So again, it’s crucial to teach kids about diversity, because they WILL learn hate speech from outsiders if we don’t teach them courtesy first. And they WILL parrot this hate speech, possibly to the detriment of a fragile friendship, or a friend’s self-esteem. The ages between 3 and 10 are the worst to suffer a dehumanizing betrayal. In addition to our responsibility to protect our own children, we have a responsibility to protect others’ children from intentional and unintentional wounds our children may inflict on them for lack of knowledge. Names do hurt.

  3. I have learned from my (university) students how very, very young they actually learn about race and how this occurs. One very common story they’ve told over the years is being told that we are all equal and skin color doesn’t matter but noticing that when they drive through “ethnic” neighborhoods, their parents lock all the car doors. Multiple students told me this is how they learned. So, even our body language radiates our biases no matter what we say.

    One former student, white, learned to fear ethnic difference when in kindergarten he stroked the cheek of a little African American girl sitting next to him because her skin was so beautiful and soft. The teacher jerked him out of his seat by the nape of his neck, marched him into the hall and told him not to ever do anything like that again. He never forgot and was fearful until he was able to share this story in a philosophy of oppression class. Oh what we teach our children…

  4. When I was in kindergarten, the other children would point at me and taunt “Chinese! Chinese!”

    The ironies were twofold:

    1.) I’m white, and there’s not a non-white ancestor for as far back as the family tree can be traced. I do have small eyes, but nobody who has ever seen an east Asian would (should) make the mistake. I guess my last name also starts with an X, but I don’t think it factored into their taunts–just the comments I get now.

    2.) My best friend at the time WAS Chinese, and was never taunted at all.

    My point is just to confirm what’s been said: children are easily influenced by racist attitudes, and they just don’t realize they’re making idiotic and baseless claims.

  5. It appears significant that the families in the study are described as “white”. Maybe the prescriptions are particularly important for children whose families aren’t mixed ethnically.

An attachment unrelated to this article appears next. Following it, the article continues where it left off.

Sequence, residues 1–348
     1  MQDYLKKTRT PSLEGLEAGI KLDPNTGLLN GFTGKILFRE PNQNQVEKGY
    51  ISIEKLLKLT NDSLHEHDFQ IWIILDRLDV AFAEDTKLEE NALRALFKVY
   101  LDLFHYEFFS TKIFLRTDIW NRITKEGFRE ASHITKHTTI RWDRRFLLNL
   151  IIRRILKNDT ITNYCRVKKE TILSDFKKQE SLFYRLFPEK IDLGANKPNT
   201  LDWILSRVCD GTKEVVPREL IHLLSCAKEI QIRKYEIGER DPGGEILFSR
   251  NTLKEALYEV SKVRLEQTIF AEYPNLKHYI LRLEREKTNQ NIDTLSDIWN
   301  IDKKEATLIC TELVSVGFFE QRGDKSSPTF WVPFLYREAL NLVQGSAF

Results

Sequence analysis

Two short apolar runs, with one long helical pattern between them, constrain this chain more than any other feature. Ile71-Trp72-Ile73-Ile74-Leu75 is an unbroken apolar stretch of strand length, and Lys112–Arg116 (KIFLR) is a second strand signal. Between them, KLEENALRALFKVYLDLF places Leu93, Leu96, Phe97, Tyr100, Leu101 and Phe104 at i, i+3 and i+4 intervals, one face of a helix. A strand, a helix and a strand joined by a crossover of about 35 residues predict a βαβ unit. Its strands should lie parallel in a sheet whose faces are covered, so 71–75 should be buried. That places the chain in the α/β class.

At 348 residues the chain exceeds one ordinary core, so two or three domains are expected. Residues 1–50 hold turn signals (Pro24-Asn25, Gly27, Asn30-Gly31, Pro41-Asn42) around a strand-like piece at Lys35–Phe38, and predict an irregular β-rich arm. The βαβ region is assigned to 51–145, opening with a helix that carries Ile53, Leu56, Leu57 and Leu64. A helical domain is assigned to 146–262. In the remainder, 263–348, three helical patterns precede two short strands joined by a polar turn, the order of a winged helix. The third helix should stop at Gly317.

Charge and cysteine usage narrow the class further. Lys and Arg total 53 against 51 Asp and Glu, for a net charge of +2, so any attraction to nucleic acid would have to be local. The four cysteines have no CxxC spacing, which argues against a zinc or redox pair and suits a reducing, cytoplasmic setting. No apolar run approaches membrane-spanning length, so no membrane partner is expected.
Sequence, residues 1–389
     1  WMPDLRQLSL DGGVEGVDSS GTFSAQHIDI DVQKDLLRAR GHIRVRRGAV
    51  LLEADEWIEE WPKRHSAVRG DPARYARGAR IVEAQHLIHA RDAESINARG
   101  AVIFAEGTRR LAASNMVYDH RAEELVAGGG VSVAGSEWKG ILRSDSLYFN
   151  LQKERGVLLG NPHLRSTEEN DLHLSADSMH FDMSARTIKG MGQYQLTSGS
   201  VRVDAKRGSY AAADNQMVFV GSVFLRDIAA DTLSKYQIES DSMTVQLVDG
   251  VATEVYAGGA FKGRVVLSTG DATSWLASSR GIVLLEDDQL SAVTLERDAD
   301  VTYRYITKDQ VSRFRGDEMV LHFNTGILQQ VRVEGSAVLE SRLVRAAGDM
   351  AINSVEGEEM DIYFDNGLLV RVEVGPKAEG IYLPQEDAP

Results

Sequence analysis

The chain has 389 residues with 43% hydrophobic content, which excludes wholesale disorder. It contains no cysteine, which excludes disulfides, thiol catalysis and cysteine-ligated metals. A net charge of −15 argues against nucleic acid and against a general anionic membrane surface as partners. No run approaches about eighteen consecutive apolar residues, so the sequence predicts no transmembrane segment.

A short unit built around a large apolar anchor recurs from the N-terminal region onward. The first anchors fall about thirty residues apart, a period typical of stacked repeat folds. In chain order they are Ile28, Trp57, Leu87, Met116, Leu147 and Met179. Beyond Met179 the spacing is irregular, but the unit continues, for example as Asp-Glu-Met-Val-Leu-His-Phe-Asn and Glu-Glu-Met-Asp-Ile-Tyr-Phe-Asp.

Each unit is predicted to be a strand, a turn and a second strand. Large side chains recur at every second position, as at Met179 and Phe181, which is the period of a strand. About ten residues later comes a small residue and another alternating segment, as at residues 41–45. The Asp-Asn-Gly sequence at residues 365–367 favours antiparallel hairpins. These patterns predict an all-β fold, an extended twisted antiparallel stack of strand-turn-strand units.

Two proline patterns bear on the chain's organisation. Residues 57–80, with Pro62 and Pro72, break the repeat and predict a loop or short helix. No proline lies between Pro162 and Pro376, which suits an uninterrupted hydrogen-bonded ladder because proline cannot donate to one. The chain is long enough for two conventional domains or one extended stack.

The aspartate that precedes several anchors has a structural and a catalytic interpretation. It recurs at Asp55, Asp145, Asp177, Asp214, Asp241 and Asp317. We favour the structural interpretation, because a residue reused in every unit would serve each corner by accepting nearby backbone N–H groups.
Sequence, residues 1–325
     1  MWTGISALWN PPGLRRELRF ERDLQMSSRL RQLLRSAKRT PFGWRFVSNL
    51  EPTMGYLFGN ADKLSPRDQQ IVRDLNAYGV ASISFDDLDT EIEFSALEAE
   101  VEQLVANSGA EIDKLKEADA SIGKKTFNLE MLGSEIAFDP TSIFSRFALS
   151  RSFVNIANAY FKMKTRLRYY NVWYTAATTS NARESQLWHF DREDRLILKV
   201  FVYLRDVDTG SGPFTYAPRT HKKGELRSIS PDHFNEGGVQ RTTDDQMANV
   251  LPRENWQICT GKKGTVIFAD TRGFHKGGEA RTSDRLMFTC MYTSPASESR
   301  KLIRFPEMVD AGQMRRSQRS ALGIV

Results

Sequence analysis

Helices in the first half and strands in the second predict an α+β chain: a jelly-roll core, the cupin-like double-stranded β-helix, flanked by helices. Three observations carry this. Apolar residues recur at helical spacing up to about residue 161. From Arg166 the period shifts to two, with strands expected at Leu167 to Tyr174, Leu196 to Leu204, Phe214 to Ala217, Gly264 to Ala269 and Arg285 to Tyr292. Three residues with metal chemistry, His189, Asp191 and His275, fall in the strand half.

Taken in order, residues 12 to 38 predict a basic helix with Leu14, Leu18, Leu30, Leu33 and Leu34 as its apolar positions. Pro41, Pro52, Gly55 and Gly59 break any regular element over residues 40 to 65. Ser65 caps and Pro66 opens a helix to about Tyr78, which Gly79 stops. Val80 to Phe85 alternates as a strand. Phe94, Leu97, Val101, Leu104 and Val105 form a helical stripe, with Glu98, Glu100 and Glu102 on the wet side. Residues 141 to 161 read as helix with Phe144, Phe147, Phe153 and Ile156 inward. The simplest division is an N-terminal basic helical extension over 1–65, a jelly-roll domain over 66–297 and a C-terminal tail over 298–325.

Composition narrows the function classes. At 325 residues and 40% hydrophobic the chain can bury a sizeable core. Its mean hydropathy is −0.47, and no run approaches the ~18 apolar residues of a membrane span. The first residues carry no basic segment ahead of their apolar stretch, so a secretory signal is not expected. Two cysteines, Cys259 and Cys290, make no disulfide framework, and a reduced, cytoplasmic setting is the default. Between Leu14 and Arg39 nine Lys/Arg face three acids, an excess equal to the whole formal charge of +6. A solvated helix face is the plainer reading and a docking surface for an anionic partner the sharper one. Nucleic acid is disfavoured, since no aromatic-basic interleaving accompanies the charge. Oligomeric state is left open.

I would feel a little awkward sitting my Pakistani-Scandinavian daughter down to tell her that her Korean-Scandinavian cousin or her Pakistani cousins are, really, nice people. Of course they are! They speak different languages, so skyping can be a problem, but as long as they play with legos they are obviously alright. The same goes for the kids in her day care group – at least half have parents of visibly different ethnicities, so there’s really no “normal” to measure against as far as this group goes.

    The challenge here seems to be to prepare children for the attitudes of people who aren’t used to mixed company – whether they are of one ethnicity or another (being non-white doesn’t mean you don’t fall back on ethnic stereotypes, by the way!)


  6. Fascinating anecdotes, all. We ended up having discussions with Jender-Son about skin colour because he said he didn’t like one of his classmates “because she was brown”. We were horrified, and in addition to talking we went and bought lots of books with no-white protagonists for him (thanks to all of you for the suggestions!). Shortly thereafter, he had *lots* of non-white friends (actually, it looks like a preference). We thought it was the books. But the article linked to suggests that books like that don’t do it on their own– what’s most important is the conversations.

    Karen– interesting point. It does seem awkward to raise in a family like yours. But one can’t apparently depend on diversity to do the job on its own– diverse classrooms, according to the article, lead to *more* segregation. Perhaps the thing to do is to wait till children in your family start noticing and talking about differences between family members?